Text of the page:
Vietnam is a one-party state, dominated for decades by the ruling Communist Party of Vietnam (CPV). Although some independent candidates are technically allowed to run in legislative elections, most are banned in practice. Freedom of expression, religious freedom, and civil society activism are tightly restricted. The authorities have increasingly cracked down on citizens’ use of social media and the internet.
- Arrests, criminal convictions, and physical assaults against journalists, bloggers, and human rights activists continued during the year. Amnesty International reported that the number of prisoners of conscience in Vietnam was up by roughly 33 percent over 2018.
- A new, tough cybersecurity law that could seriously restrict online speech came into effect in January. The measure forces companies like Facebook and Google to store information about Vietnamese users in Vietnam, potentially making it accessible to state authorities. It also allows the government to block access to content deemed dangerous to national security.
- Vietnam continued to make some strides in fighting corruption, which has been endemic in the past. The government reported that in 2019 that it had disciplined over 53,000 officials and CPV members for graft, and that multiple senior officials, including two members of the Central Committee, had faced discipline including jail time. However, enforcement of anticorruption measures remains politicized and selective.
- President and party general secretary Nguyễn Phú Trọng enjoyed more centralized, personalized power than any recent Vietnamese leader. Vietnam specialists have expressed concern that Trọng could create a personalized and sustained autocracy, like Xi Jinping, though he has not consolidated power on anywhere near that level.
|Was the current head of government or other chief national authority elected through free and fair elections?||0.000 4.004|
The president is elected by the National Assembly for a five-year term, and is responsible for appointing the prime minister, who is confirmed by the legislature. However, all selections for top executive posts are predetermined in practice by the CPV’s Politburo and Central Committee.
In 2016, nominees for president and prime minister were chosen at the CPV’s 12th Party Congress, which also featured the reelection of Nguyễn Phú Trọng as the party’s general secretary. In April of that year, the National Assembly formally confirmed Trần Đại Quang as president and Nguyễn Xuân Phúc as prime minister.
President Trần Đại Quang died in September 2018, and the National Assembly confirmed Nguyễn Phú Trọng as his replacement in October; Trọng retained the post of party general secretary.
|Were the current national legislative representatives elected through free and fair elections?||0.000 4.004|
Elections to the National Assembly are tightly controlled by the CPV, which took 473 of the body’s 500 seats in the 2016 balloting. Candidates who were technically independent but vetted by the CPV took 21 seats. More than 100 independent candidates, including many young civil society activists, were barred from running in the elections.
|Are the electoral laws and framework fair, and are they implemented impartially by the relevant election management bodies?||0.000 4.004|
The electoral laws and framework ensure that the CPV, the only legally recognized party, dominates every election. The party controls all electoral bodies and vets all candidates, resulting in the disqualification of those who are genuinely independent.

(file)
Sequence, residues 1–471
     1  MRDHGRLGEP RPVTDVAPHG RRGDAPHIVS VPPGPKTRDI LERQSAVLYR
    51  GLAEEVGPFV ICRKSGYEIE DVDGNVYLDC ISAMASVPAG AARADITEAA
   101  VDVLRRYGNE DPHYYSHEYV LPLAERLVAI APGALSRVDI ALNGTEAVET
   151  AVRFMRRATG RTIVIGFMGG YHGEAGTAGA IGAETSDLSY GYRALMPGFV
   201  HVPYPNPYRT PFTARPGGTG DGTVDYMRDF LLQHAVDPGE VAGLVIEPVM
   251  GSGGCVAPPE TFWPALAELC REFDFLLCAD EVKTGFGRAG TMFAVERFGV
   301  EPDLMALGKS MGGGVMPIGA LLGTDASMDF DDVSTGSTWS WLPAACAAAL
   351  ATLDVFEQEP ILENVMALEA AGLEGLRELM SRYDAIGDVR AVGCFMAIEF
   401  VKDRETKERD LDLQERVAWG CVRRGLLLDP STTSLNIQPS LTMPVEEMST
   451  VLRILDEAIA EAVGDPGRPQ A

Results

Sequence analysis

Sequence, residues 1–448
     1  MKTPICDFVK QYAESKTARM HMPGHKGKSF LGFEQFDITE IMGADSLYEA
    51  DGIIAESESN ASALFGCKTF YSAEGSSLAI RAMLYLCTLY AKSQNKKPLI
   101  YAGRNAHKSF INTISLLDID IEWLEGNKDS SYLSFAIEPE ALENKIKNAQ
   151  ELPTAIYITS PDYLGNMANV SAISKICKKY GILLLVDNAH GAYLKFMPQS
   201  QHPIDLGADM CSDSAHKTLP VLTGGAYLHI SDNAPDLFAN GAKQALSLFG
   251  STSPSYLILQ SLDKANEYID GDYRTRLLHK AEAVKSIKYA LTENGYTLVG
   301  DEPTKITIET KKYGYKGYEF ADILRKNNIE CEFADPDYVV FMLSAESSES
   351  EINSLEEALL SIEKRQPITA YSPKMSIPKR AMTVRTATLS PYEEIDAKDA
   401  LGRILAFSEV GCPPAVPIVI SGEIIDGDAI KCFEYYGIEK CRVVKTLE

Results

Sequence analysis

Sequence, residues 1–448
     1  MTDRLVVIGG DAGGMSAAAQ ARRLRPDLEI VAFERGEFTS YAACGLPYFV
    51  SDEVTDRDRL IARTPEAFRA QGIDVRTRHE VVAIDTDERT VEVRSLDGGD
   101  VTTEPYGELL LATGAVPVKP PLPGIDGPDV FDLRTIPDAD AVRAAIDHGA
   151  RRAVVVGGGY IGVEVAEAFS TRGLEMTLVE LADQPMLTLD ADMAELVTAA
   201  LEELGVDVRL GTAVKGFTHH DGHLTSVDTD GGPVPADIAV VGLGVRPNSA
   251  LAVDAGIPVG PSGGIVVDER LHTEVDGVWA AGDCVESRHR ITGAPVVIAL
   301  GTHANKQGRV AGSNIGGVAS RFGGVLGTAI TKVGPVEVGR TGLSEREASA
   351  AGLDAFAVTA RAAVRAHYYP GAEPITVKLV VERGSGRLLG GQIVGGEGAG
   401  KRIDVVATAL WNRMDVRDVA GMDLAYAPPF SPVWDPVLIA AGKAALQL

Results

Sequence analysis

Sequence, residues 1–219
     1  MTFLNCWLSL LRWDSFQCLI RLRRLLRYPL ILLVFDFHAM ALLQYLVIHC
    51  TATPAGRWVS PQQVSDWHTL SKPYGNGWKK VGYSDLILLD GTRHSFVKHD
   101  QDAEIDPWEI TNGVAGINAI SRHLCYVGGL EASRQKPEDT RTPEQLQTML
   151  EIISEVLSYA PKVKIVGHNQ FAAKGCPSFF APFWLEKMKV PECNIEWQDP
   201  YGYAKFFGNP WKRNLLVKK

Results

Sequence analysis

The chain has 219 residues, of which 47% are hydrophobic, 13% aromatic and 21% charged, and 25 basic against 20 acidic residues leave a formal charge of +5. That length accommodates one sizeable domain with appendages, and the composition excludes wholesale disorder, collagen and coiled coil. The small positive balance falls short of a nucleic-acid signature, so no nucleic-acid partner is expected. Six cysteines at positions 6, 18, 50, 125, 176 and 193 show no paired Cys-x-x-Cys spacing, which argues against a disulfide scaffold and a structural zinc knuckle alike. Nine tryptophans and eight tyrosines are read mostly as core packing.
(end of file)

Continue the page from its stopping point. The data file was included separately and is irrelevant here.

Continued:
|Do the people have the right to organize in different political parties or other competitive political groupings of their choice, and is the system free of undue obstacles to the rise and fall of these competing parties or groupings?||0.000 4.004|
The CPV enjoys a monopoly on political power, and no other parties are allowed to operate legally. Members of illegal opposition parties are subject to arrest and imprisonment.
|Is there a realistic opportunity for the opposition to increase its support or gain power through elections?||0.000 4.004|
The structure of the one-party system precludes any democratic transfer of power. The Vietnam Fatherland Front (VFF), responsible for vetting all candidates for the National Assembly, is ostensibly an alliance of organizations representing the people, but in practice it acts as an arm of the CPV.
|Are the people’s political choices free from domination by forces that are external to the political sphere, or by political forces that employ extrapolitical means?||0.000 4.004|
The overarching dominance of the CPV effectively excludes the public from any genuine and autonomous political participation.
|Do various segments of the population (including ethnic, religious, gender, LGBT, and other relevant groups) have full political rights and electoral opportunities?||1.001 4.004|
Although ethnic minorities are nominally represented within the CPV, they are rarely allowed to rise to senior positions, and the CPV leadership’s dominance prevents effective advocacy on issues affecting minority populations. While Vietnam has enacted policies and strategies aimed at boosting women’s political participation, in practice the interests of women are poorly represented in government.
|Do the freely elected head of government and national legislative representatives determine the policies of the government?||0.000 4.004|
The CPV leadership, which is not freely elected or accountable to the public, determines government policy and the legislative agenda.
|Are safeguards against official corruption strong and effective?||1.001 4.004|
CPV and government leaders have acknowledged growing public discontent with corruption, and there has been an increase in corruption-related arrests in recent years. The government reported that in 2019 that it had disciplined over 53,000 officials and other party members for graft. Multiple senior officials, including two members of the Central Committee, have faced discipline including jail time.